In early 2016, fifteen nurse-doctor pairs from hospitals around the Commonwealth formed the inaugural cohort of the University of Virginia’s new Leadership Partners in Healthcare Management (LPHM) program, a collaboration between the School of Nursing and Darden Executive Education specifically targeted for physicians and nurses working together in high-stakes environments.

Though great strides have been made in recent years educating nurses and physicians together during their formal learning – called interprofessional education – many gaps persist for more senior nurse and doctor leaders who were educated in silos without a proper sense of how to work as a healthy, functioning team. Such a segregated style of education means that many hospital staff experience breakdowns in communication, are poor collaborators and unable to function as members of the healthcare team in an era where medial errors cost some $400 billion annually.

The Leadership Partners program – which comes in an era where patients, insurers and regulators expect ever more cutting-edge, safe, reliable care that is more efficient and costs less – focuses on practical, purposeful collaboration, communication and service leadership techniques that improve the professional environment, reduce waste, error and attrition and engage clinical leaders in a frank conversation about their respective work environments.

Using both business and healthcare thought leaders to convey the criticality of strong communication, collaboration and mutual respect  to clinician-participants through case studies, workshops and role-playing activities and simulated scenarios, LPHM aims to buoy those skills to improve interprofessional understanding and optimize efficiency.

“Today, clinicians and hospitals are expected to do more with less,” explains associate dean of nursing Ken White, Leadership Partners’ co-founder, “and most of the pressure for those efficiencies come down to decisions made by nurse and physician leaders. And while we’ve made strides in teaching 21st century nursing and medical students how to best collaborate with one another, many senior clinicians – especially those who’ve been out of school for some time and who occupy leadership roles in healthcare organizations – aren’t trained exactly how to do this. That’s where our program comes in with its emphasis on and development of interprofessional clinical partners who lead highly effective, productive teams.”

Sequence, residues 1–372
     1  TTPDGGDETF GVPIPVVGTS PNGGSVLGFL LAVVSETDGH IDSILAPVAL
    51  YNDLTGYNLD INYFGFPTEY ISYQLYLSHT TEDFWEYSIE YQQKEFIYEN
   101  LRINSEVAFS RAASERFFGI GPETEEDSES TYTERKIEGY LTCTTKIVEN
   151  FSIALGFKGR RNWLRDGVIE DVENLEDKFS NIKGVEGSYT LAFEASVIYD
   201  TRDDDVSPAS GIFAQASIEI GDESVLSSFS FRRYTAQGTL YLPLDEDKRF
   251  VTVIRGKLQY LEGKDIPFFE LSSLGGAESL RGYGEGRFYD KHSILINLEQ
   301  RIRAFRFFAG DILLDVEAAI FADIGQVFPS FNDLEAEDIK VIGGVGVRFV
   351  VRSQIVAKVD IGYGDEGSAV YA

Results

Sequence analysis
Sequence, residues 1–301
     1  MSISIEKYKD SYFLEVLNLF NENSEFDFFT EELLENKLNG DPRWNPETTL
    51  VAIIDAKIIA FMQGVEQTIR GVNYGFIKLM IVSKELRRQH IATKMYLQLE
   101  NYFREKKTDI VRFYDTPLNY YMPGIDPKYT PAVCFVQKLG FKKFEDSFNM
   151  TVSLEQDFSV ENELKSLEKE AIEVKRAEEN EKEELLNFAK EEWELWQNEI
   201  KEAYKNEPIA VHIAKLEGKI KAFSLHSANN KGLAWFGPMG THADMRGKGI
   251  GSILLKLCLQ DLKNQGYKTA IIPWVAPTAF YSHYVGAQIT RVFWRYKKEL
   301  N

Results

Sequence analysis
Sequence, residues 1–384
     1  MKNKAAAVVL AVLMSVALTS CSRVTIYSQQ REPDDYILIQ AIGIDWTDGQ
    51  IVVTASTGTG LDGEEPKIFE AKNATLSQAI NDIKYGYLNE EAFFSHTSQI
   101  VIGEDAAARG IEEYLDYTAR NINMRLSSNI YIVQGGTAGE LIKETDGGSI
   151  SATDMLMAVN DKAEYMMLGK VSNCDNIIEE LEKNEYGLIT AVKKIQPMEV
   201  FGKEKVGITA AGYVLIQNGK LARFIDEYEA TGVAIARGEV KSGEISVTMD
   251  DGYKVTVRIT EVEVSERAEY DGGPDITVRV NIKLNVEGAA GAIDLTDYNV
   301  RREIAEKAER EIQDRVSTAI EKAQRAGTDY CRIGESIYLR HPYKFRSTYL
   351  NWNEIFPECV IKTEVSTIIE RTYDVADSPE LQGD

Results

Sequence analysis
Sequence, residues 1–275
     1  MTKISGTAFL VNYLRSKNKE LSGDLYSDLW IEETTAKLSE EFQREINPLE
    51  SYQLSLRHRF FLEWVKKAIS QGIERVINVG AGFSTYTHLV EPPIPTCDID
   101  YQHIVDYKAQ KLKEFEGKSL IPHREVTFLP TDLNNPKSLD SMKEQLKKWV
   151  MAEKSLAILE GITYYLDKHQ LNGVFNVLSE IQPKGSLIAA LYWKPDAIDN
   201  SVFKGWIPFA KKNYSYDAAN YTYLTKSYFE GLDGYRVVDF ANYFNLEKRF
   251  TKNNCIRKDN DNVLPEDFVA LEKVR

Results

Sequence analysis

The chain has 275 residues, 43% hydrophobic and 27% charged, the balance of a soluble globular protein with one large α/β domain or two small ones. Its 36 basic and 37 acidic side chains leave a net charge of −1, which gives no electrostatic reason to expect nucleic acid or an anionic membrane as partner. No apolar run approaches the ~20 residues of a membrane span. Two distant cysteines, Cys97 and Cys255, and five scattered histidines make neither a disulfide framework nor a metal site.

The program will provide six three-day modules for nurse and physician leaders with courses that merge healthcare, business, financial and leadership topics. In the final month, each nurse-physician team will complete and present a final scholarly project or culminating capstone. RN-MD pairs attend class once a month from Thursday afternoon to Saturday afternoon, attending lectures and workshops while studying, eating and sleeping on the Darden’s expansive grounds.

In a tag-team approach, four School of Nursing faculty – Ken WhiteValentina BrashersPamela DeGuzman, and Rick Mayes – will partner with five Darden faculty, including June West, Elliot Weiss, Mike Lenox , Greg Fairchild, and Michael Schill to teach classes and lead the three-day modules focusing on everything from collaborative practice to finance, medical ethics to technology and operations management.

Over the program’s term, topics will include three-day discussions centered on:

  • Developing, leading and assessing interprofessional teams
  • Healthcare organizations and the history and concept of dyad leadership
  • Managing others, and managing oneself in the face of crisis, moral or ethical dilemmas
  • Budgeting and measuring performance
  • Aligning, designing and strategizing to creative on-unit innovations and real-time solutions
  • Improving quality and safety in real time

Student pairs will also complete a final scholarly capstone project and present it to their cohort and professors.

“This partnership marks the beginning of expanded offerings we plan to launch with the School of Nursing,” explains Scott Snell, senior associate dean for executive education at Darden. “Leveraging the joint capabilities and expertise of both schools’ top-rated faculty, we’re able to provide critical business and leadership training that’s specifically geared toward healthcare, helping drive industry-wide culture change.”

The program is seeking nominations for RN-MD pairs from health systems around the US through a letter of nomination. Contact the School of Nursing Continuing Education office for more information.